|Group||18||Melting point||−71°C, −96°F, 202 K|
|Period||6||Boiling point||−61.7°C, −79.1°F, 211.5 K|
|Block||p||Density (g cm−3)||0.009074|
|Atomic number||86||Relative atomic mass||222|
|State at 20°C||Gas||Key isotopes||211Rn, 220Rn, 222Rn|
|Electron configuration||[Xe] 4f145d106s26p6||CAS number||10043-92-2|
|ChemSpider ID||23240||ChemSpider is a free chemical structure database|
- Radon was first detected as an emission from the radioactive decay of radium.
- It has an atomic number of 86 and represented with the symbol Rn in the periodic table.
- Radon is available in hot springs and some spring water. Its concentration is commonly measured in becquerel ( Bq ) per cubic meter.
- In the air, its concentration varies from 1 and 100 Bq per cubic meter. In some places, well water will be rich in Radon. Even rainwater can be extremely radioactive due to the high concentration of the element.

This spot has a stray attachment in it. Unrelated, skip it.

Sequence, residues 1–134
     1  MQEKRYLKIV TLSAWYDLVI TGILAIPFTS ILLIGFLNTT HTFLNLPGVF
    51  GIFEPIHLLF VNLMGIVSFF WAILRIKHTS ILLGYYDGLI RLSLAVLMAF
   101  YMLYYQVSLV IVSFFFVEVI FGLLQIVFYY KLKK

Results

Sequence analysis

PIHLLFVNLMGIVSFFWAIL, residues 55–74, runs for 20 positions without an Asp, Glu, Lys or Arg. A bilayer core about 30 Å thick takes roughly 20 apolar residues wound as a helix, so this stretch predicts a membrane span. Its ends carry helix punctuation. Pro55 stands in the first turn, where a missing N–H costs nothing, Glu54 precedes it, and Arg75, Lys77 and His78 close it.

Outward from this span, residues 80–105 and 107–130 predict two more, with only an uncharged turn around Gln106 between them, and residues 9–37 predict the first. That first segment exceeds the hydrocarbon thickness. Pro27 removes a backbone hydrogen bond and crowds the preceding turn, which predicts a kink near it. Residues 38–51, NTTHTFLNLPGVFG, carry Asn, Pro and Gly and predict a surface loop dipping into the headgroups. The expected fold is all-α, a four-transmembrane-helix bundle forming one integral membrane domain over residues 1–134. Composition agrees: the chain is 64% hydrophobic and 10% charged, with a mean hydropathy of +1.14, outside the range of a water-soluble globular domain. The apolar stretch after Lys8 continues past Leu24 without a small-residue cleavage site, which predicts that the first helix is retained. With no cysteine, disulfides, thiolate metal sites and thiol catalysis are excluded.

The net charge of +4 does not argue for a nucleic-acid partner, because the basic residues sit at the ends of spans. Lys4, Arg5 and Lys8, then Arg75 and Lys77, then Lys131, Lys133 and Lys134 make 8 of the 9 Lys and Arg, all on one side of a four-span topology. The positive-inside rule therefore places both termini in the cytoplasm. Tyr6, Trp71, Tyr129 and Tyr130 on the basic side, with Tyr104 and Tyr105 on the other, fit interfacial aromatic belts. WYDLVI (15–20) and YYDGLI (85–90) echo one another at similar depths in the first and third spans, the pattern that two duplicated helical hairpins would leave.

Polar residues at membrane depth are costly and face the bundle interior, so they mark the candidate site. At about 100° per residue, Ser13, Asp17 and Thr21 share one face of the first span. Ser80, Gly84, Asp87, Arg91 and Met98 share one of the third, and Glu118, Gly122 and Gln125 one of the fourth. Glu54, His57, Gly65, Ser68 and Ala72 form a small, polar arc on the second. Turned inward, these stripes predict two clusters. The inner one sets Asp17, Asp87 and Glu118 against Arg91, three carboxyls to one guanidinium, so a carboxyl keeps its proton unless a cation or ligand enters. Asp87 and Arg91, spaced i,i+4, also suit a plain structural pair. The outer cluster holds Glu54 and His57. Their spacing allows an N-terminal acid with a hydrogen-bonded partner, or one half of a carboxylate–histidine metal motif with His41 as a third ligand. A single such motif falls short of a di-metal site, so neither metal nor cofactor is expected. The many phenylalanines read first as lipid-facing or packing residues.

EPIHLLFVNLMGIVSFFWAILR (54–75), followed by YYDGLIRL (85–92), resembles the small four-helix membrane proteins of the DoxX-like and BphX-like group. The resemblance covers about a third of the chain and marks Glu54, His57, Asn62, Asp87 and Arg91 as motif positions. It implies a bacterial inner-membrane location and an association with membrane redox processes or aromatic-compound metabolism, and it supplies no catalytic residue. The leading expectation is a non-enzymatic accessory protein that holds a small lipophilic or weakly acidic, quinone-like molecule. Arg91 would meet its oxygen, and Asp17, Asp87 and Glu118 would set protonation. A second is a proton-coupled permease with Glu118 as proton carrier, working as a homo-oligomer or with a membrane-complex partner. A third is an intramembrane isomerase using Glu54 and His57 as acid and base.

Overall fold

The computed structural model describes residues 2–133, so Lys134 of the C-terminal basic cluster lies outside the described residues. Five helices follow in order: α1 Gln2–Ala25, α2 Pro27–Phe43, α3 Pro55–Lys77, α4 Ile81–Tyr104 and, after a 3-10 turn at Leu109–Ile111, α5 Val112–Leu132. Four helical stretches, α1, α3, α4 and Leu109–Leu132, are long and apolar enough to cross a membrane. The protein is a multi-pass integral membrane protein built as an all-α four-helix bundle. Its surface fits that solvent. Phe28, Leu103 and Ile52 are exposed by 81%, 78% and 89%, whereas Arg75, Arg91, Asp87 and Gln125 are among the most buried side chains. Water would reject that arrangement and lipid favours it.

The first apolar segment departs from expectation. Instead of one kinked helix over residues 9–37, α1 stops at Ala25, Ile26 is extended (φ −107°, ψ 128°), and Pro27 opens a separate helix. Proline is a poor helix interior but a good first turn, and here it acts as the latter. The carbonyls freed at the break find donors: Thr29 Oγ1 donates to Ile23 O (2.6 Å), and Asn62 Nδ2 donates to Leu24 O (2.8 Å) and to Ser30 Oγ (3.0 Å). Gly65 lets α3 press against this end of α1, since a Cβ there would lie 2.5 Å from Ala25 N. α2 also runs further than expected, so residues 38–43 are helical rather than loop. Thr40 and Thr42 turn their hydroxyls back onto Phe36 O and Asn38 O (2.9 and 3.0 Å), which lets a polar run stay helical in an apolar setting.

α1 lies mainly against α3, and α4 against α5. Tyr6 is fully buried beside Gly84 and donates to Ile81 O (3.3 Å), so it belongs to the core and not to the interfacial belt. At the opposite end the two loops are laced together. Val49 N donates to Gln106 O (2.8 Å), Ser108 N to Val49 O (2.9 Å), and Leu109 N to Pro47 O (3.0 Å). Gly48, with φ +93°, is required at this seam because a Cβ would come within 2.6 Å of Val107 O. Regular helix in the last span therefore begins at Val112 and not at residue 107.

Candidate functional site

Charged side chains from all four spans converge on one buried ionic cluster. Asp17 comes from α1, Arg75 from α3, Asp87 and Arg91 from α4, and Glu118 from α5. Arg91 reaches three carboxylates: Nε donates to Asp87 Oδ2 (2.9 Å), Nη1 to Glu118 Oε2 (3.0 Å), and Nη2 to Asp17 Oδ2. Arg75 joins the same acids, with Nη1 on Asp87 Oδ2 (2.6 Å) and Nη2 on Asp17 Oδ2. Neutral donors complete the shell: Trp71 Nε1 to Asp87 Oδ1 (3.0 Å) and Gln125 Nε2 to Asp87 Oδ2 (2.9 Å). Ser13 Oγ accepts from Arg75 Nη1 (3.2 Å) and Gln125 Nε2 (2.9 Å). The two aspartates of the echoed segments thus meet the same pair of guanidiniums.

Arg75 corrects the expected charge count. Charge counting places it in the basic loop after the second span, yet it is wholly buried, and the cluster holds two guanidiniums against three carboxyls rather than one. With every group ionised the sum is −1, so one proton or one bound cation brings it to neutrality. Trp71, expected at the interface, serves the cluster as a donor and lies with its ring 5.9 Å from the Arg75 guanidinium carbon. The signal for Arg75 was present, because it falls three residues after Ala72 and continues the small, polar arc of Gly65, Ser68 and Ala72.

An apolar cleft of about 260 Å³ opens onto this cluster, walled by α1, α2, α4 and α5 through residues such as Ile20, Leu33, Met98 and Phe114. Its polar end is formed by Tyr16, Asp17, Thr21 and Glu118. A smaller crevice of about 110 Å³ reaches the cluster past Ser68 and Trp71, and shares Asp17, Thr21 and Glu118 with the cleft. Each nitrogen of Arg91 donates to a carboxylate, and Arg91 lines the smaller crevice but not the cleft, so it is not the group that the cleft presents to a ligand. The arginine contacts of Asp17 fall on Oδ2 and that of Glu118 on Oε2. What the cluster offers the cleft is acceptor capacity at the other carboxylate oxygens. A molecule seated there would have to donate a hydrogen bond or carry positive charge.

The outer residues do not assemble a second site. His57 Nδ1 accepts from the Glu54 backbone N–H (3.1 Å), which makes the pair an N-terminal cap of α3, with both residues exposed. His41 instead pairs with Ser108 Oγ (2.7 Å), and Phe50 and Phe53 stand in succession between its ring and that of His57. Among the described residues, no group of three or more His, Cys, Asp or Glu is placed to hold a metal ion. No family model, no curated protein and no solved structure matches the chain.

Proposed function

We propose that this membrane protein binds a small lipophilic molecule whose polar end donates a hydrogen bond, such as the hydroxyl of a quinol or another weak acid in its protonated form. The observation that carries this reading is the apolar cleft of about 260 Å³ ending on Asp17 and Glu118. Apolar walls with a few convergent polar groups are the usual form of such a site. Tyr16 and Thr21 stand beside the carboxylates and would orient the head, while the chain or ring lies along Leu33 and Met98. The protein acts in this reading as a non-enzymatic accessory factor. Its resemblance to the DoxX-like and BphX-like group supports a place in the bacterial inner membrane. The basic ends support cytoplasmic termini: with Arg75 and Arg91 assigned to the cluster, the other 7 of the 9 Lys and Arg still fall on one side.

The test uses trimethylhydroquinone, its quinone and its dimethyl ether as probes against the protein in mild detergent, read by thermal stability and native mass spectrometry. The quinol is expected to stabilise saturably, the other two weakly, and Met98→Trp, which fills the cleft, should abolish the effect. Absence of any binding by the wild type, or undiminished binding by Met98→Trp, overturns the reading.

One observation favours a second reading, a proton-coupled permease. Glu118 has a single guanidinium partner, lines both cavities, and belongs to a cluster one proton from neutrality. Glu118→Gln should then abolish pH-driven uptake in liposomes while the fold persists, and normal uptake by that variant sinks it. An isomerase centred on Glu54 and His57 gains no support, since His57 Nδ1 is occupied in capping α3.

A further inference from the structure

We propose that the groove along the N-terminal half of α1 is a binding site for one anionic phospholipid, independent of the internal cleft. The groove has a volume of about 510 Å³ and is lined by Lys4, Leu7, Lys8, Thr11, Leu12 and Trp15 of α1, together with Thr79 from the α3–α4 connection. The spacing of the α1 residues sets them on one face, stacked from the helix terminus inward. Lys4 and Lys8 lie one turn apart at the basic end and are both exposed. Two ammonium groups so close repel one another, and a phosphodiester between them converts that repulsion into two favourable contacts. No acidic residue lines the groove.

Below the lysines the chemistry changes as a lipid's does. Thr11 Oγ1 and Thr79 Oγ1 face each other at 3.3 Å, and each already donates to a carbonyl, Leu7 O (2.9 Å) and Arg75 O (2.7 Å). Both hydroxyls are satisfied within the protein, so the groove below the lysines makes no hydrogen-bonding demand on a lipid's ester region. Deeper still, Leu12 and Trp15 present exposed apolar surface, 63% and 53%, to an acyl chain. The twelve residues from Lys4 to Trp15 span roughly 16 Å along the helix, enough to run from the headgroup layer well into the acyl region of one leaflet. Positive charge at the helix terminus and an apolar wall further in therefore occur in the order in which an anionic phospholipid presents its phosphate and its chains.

- Radon (Rn) is colorless, tasteless, odorless gas at standard pressure and temperature and it is the densest noble gas.
- At a temperature below its freezing point, it posses a brilliant yellow phosphorescence.
- It is highly radioactive and chemically unreactive.
- Radon is used to track air masses to a limited level.
- Changes in groundwater radon concentrations help in the prediction of Earthquake.
- In 1940’s radon is used X-ray sources and for industrial radiography.
- A process called Radon hormesis is used to mitigate auto-immune diseases like arthritis.
- It is used in the treatment of cell damage and cancer.
- Radon is also used in radiation therapy.
- Radon occurs mainly in gaseous state and people are mainly exposed to it through breathing air. Exposure to the element through breathing may cause lung disease.
- The best thing about radon is it will not have harmful effects without actual contact with it.
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